Clarendon in 1890
Clarendon, the county seat of Donley County just east of the Llano Estacado, is the westernmost city in Texas that Fowler documented. The city was founded as a religious colony in 1878 and named either after Clara, the wife of Methodist minister and founder, Lewis Henry Carhart, or perhaps after Clarendon, England, to honor an English firm that backed Carhart’s endeavor. Carhart purchased 343 sections of land in the newly formed Donley County at the junction of Carrol Creek and the Salt Fork of the Red River. He advertised his “Christian Colony” as “a city of culture and refinement.” The first issue of the Clarendon News (August 2, 1879) called the town “a sobriety settlement,” but local cowboys soon began to refer to it as “Saint’s Roost,” because of the church atmosphere and the absence of bars; justices of the peace across North Texas threatened to sentence over-intoxicated men in their courts to “a week in Clarendon.”
The town that Fowler documented, however, was different. When the Fort Worth and Denver City Railway constructed its line south of the community in 1887, the citizens voted to relocate to the tracks. The new town site began as a tent city, with the usual complement of saloons and houses of ill repute. By the time of Fowler’s visit in 1890, however, the residents had reasserted their cultural preferences, and the town had grown to include homes, businesses, churches, and public buildings. When Clarendon became a division point for the railroad, more workers moved to this rolling prairie that hosted some of the state’s larger ranches, such as the nearby JA. Many passengers on the Fort Worth and Denver City line saw the city, too, and one of them described it as “a pretty place, with its wide stretches of prairie—its grassy hillocks—and pretty homes nestling in the midst of this verdure.”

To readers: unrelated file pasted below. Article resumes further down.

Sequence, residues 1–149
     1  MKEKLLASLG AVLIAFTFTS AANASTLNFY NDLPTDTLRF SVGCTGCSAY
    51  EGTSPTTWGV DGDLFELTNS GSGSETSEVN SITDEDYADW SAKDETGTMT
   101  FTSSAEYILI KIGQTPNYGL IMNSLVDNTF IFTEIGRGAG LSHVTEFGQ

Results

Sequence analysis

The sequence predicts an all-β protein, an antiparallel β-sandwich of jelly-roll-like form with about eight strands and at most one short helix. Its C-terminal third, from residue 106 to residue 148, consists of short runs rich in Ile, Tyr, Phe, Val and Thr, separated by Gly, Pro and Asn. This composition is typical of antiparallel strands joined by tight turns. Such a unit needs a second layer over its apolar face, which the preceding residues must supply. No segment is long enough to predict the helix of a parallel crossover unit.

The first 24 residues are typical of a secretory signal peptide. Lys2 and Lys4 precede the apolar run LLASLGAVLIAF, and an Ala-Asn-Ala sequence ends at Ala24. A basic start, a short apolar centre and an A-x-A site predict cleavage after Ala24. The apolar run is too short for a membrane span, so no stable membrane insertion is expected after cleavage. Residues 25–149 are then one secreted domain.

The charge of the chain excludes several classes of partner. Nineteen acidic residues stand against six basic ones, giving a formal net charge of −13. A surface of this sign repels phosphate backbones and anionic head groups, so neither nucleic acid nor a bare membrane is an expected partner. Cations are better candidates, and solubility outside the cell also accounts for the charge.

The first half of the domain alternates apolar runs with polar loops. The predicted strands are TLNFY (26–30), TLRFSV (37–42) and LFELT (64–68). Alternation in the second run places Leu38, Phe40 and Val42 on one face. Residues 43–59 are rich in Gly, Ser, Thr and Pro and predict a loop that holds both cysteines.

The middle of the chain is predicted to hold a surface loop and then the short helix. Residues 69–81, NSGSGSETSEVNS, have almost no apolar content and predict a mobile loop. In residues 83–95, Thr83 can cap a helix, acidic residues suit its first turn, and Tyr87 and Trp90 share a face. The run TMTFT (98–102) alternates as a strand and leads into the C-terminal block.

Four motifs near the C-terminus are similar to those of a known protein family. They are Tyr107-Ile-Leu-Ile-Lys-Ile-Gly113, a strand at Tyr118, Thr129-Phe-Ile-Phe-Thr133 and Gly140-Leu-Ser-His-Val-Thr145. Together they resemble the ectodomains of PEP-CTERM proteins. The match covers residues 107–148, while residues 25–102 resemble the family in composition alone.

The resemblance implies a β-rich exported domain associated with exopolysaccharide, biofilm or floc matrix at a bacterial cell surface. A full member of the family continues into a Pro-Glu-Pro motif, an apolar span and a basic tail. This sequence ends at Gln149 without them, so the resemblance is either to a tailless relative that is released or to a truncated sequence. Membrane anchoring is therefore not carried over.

Most of Clarendon sits at an elevation of approximately 2,732 feet. Viewed from the north, slight changes in elevation as the land rises to the south and west are apparent, and well-defined gullies twist and turn through town. The Donley County Courthouse dominates the area, with the Methodist Episcopal Church to the side, the M. E. Church South in front, and the public school behind it. The courthouse, with its turrets and a corner tower, was built in 1890 at a cost of $30,500. It might not have been complete when Fowler was there, but it would have been far enough along that he would have had a good idea of its appearance. The bank building on Kearney Street seems to dominate downtown, just as the FW&DC roundhouse does on the east side of town. The cluster of small homes along First Street near the roundhouse probably housed railroad workers, and the large two-story frame structure at the corner of Front and Kearney streets directly across from the railroad depot is probably the Windsor Hotel.